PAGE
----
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By Callum Gill, Head of Insight and Innovation at creative experience agency drp

As technology maintains its seemingly unstoppable march and the millennial generation officially becomes the largest demographic at work, 2019 promises to deliver a year of transformation for event design, but also of opportunity. There are three main factors that will drive this change, two of them I have just mentioned, people and technology. The third is often overlooked and it is by far the most relevant when we have conversations around event design for 2019. It’s tolerance. I don’t mean tolerance in the traditional sense, but in fact, what type of experiences our audiences are willing to tolerate. We live in a world of immersive, personalised experienced, fuelled and enhanced by technology with brands and experiences, designers falling over themselves to impress an experience mad demographic. This volume of experiences available is making the millennials event connoisseurs, and this poses a problem for event designers.

Event Sommeliers

The millennial generation uses social media to display and denote status among their peers, events are the currency which buys status. Unlike Baby Boomers and Gen X, millennials will not tolerate shoddy event experiences when they have so much exceptional choice on offer. This means we must start thinking like they do and understanding their event priorities.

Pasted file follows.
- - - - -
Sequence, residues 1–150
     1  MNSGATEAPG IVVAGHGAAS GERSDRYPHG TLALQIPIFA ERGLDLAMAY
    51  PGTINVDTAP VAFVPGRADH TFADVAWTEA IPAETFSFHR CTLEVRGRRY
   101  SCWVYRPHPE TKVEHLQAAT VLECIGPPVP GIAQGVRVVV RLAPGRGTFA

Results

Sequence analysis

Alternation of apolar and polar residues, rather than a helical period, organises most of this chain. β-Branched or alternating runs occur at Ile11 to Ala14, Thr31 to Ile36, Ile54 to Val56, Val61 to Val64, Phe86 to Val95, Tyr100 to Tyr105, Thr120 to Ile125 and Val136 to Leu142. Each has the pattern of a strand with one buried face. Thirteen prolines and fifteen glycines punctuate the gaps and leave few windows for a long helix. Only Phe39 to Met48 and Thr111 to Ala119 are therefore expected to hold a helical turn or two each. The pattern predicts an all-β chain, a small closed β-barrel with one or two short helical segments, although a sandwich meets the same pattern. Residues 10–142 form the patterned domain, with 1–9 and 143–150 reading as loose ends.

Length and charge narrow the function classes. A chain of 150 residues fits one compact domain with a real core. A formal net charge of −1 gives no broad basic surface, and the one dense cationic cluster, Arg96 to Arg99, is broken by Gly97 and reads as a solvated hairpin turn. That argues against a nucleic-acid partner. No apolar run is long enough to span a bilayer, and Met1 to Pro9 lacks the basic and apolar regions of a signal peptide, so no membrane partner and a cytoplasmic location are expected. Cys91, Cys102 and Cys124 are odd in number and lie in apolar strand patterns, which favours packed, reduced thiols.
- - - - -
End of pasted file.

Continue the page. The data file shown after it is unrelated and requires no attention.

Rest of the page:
Our events must incorporate social, whether they are internal or external and this is proving a bitter pill to swallow for some brands who fear free reign in the social space. We must also create personalised and interactive content that doesn’t revolve around sitting for hours in plenary sessions. Our content needs to become modular, adaptable and even changeable mid-event. In December we delivered film content to a client where viewers actively chose which path the content would take (created and delivered pre Black Mirror Bandersnatch thank you very much) and we have been experimenting with beacon technology, to direct event traffic and even live update people’s breakout and interactive sessions based on their changing event priorities.